The Home Office has been accused of racial discrimination, amid claims of “harsh and unjustified” rejections of student visa applications of students from parts of Southern India, Pakistan and Africa. The accusations come after a report in the Times Higher Education revealed that UK universities are being forced to stop offering places to students from areas with high levels of visa rejections, for fear of losing their sponsorship status.
Mostafa Rajaai, National Union of Students’ International Students Officer said: “A lot of universities are now not offering places to students from certain countries, especially Pakistan and Nigeria. Prospective students from these countries have a very negative view of the UK now. They think this is racial discrimination.”
One in ten non-EU students have been refused student visas in the past two years, after failing to pass credibility interviews following acceptance to UK universities. The UK Council for International Student Affairs (UKCISA) published a report scrutinising Home Office’s visa regulations.
In a “sample of particularly contentious decisions” reported to UKCISA by UK Higher Education Institutions, reasons given for rejection include “not knowing the number of students likely to be in a class” and “not knowing exam dates”.
The report claimed, “a member of staff would be unable to confirm either of these details. So asking a student to have this information is completely unreasonable.”
Jonny Ross-Tatam, President of Edinburgh University Students Assosiation (EUSA), told The Student: “Our view is that anybody with the ability should be able to come and study in the UK, regardless of where they come from and how much money they have.
“Excluding students because of where they come from puts a barrier on our ambition for our society, economy and the lives of those students. There should be no barriers and no borders to higher education.”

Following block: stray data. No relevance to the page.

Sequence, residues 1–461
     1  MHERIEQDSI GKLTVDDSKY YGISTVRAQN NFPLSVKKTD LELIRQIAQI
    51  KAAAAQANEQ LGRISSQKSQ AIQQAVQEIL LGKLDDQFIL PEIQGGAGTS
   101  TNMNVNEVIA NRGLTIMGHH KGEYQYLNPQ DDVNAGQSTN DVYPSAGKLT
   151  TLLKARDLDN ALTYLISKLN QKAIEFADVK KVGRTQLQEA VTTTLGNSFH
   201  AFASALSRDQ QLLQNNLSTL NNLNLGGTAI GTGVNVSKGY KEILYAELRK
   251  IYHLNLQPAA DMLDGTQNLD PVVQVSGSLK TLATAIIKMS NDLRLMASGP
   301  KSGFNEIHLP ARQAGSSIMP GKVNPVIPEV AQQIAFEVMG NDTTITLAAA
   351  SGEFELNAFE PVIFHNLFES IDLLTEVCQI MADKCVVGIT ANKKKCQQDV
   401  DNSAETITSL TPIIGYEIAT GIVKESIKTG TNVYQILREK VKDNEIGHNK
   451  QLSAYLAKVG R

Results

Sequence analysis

Montana Kimel EUSA International Students Convenor, called the credibility interview process “ridiculous.”
She told The Student: “These measures are another example of the government’s increasing [efforts to deny] international students entry to the UK. It is really frustrating because once again we are a targeted group when it comes to immigration.
“Most students couldn’t answer these broad and ridiculous questions even after studying here for several years!
“This is a sneaky way to reduce the amount of international students in higher education, without directly saying that they will.”
Sanam Arora, President of the National Union of Indian Students, told The Student: “There are two issues going on here. There are certain regions, such as specific regions in India and Pakistan and Africa, where there’s a high number of credibility interviews being targeted for students issued with a CAS.
“There are universities who are seeing these areas as high risk and therefore, they’re withdrawing from them.
“So it’s a double-edged sword as to what’s happening. These universities are being told not to recruit from certain regions and at the same time for fear of refusal they are withdrawing from these regions.
“This has to be some form of discrimination, and is certainly unfair at the very least on students. The damage these kind of policies is having on the UK’s Higher Education system is very high.”
Correction: The print version of this story incorrectly identified the news organisation that first reported that the UK government is being forced to stop offering places to certain countries. That organisation was the Times Higher Education, not The Times. The Student apologises for the error.
Image: Paul Shaw